June 29th – On this day in 1613, the original “Globe” play-house on Bankside in Southwark (see June 12th posting) burned down, during a performance of Shakespeare’s “Henry the Eighth”.
Henry Wotton wrote of the event, in a letter to Sir Edmund Bacon (reproduced in “Reliquiae Wottoniae”):
“Now, King Henry making a Masque at the Cardinal Wolsey’s House, and certain Cannons being shot off at his entry, some of the Paper, or other stuff, wherewith one of them was stopped, did light on the Thatch, … and … kindled inwardly, and ran round like a train, consuming within less than an hour the whole House to the very ground. This was the fatal period … wherein yet nothing did perish but wood and straw … ; … one man had his breeches set on fire, that would perhaps have broiled him, if he had not by the benefit of a provident wit put it out with bottle ale”.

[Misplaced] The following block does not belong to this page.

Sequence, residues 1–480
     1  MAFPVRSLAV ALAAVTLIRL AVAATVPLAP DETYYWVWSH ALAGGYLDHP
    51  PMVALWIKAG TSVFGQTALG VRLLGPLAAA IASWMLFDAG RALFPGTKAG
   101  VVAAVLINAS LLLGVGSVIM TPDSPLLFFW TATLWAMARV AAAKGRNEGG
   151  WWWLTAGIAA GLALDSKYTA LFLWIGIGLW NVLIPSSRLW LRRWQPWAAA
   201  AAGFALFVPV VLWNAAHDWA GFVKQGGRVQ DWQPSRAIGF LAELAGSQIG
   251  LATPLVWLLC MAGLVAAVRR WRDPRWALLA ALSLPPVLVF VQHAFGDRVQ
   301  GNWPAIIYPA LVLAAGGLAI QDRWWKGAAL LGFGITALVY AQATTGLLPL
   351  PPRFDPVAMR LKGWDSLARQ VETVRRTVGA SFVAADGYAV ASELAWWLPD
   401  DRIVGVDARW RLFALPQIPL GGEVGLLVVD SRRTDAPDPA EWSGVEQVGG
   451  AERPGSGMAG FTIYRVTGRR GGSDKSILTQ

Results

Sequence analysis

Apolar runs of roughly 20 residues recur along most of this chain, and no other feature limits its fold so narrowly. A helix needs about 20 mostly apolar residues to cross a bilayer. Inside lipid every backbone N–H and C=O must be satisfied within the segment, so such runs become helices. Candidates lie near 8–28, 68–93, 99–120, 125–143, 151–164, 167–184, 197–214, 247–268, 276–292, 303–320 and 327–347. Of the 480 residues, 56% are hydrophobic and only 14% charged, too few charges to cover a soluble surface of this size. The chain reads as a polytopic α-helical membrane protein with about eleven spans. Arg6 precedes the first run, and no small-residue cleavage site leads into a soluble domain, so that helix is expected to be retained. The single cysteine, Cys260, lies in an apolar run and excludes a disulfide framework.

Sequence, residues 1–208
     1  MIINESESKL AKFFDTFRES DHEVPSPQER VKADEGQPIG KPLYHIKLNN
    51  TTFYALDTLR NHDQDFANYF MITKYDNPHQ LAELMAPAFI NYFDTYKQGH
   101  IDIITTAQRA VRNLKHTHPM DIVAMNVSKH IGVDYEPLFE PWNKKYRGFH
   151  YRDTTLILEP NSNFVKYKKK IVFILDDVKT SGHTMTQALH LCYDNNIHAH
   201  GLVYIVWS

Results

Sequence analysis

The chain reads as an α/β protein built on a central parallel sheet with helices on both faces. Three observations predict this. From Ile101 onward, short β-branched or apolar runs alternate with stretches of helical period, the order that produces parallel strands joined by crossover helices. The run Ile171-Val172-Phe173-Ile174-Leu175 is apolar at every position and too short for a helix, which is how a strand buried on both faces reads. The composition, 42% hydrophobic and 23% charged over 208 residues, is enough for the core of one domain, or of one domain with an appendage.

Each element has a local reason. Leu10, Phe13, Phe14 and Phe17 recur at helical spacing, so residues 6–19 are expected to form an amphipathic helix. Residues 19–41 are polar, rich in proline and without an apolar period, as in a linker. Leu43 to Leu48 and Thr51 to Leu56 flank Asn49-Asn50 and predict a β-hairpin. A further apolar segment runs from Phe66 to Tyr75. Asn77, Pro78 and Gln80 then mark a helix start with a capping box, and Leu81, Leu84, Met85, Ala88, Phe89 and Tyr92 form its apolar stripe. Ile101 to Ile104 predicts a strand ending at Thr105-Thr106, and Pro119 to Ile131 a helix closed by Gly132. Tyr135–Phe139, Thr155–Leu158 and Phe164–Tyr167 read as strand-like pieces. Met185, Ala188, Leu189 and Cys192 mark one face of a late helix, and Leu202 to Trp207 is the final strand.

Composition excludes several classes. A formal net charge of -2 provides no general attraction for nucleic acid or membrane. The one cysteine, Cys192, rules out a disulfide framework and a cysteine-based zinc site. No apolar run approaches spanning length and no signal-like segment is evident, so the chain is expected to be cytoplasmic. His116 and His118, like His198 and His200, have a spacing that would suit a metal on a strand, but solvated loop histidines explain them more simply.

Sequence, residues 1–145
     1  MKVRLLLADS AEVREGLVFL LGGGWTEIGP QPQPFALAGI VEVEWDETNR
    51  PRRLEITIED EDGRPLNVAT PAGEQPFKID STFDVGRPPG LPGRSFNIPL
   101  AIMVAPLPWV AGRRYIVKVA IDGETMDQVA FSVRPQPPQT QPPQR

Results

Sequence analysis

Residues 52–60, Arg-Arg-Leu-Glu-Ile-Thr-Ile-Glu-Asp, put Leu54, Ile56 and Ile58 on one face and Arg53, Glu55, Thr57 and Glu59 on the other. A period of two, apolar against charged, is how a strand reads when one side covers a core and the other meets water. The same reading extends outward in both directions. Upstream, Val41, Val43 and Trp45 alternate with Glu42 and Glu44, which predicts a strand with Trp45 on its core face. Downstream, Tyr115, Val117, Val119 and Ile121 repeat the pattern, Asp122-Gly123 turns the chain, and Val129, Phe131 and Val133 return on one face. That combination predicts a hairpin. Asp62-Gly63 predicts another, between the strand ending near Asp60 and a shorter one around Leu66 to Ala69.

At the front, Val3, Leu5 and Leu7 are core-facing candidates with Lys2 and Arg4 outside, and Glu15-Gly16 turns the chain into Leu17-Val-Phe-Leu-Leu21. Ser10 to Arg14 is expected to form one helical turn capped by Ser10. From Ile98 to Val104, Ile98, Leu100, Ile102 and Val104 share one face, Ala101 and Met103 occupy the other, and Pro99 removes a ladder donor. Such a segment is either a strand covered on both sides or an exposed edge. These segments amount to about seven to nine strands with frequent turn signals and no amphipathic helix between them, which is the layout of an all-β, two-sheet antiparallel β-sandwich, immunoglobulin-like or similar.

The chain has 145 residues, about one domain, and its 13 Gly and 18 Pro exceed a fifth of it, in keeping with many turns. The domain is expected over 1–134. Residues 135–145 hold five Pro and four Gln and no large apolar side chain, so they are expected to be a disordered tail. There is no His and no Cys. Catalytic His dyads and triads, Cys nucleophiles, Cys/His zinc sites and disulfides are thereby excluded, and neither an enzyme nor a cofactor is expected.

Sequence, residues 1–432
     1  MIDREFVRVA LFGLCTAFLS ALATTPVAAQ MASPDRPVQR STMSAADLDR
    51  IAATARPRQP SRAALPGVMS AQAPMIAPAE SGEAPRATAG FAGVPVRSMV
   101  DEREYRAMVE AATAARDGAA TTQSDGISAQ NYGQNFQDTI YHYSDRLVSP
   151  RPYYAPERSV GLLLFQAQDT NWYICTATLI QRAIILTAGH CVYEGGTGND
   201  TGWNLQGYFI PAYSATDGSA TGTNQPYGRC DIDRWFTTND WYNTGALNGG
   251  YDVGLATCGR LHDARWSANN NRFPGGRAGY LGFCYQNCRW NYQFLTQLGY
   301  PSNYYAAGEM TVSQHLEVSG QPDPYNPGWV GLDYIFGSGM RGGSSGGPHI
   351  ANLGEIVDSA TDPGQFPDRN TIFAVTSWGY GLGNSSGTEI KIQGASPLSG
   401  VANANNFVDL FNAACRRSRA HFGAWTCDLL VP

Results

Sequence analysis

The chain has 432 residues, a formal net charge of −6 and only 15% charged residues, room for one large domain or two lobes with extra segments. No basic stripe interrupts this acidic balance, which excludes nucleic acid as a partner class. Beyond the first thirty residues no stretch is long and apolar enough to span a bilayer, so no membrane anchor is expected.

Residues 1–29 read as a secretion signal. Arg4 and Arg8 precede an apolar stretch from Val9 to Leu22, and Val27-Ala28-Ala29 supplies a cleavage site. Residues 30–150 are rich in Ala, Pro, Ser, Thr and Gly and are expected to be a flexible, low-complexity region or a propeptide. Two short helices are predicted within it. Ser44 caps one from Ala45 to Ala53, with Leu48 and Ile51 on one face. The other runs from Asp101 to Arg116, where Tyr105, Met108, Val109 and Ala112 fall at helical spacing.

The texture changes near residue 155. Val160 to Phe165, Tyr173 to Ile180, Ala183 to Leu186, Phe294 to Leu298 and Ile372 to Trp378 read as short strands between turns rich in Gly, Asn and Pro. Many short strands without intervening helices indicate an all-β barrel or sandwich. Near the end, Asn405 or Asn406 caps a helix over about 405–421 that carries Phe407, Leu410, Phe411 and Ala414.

And John Chamberlain (see also this posting):
“[I]t was a great marvaile and fair grace of God, that the people had so little harm, having but two narrow doors to get out”.
The 400th anniversary, in 2013, was marked by the reconstructed “Globe” by a series of events on the theme of “Shakespeare on Fire”. The site of the original “Globe” is visited on our “Historic Southwark” standard walk, and on our “Tudor and Stuart London” themed special (together with Sam Wanamaker’s reconstruction).
Further details of all our walks are available in the “Our Guided Walks” section of our web-site.